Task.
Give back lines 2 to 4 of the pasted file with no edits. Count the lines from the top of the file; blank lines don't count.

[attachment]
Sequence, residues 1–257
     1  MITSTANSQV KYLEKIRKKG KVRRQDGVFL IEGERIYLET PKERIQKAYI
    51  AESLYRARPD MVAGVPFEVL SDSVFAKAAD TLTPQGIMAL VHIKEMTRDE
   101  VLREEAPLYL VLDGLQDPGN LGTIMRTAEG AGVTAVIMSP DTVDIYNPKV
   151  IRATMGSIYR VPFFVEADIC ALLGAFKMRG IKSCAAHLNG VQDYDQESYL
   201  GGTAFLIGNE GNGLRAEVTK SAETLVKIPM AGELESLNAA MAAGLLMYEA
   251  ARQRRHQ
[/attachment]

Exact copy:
     1  MITSTANSQV KYLEKIRKKG KVRRQDGVFL IEGERIYLET PKERIQKAYI
    51  AESLYRARPD MVAGVPFEVL SDSVFAKAAD TLTPQGIMAL VHIKEMTRDE
   101  VLREEAPLYL VLDGLQDPGN LGTIMRTAEG AGVTAVIMSP DTVDIYNPKV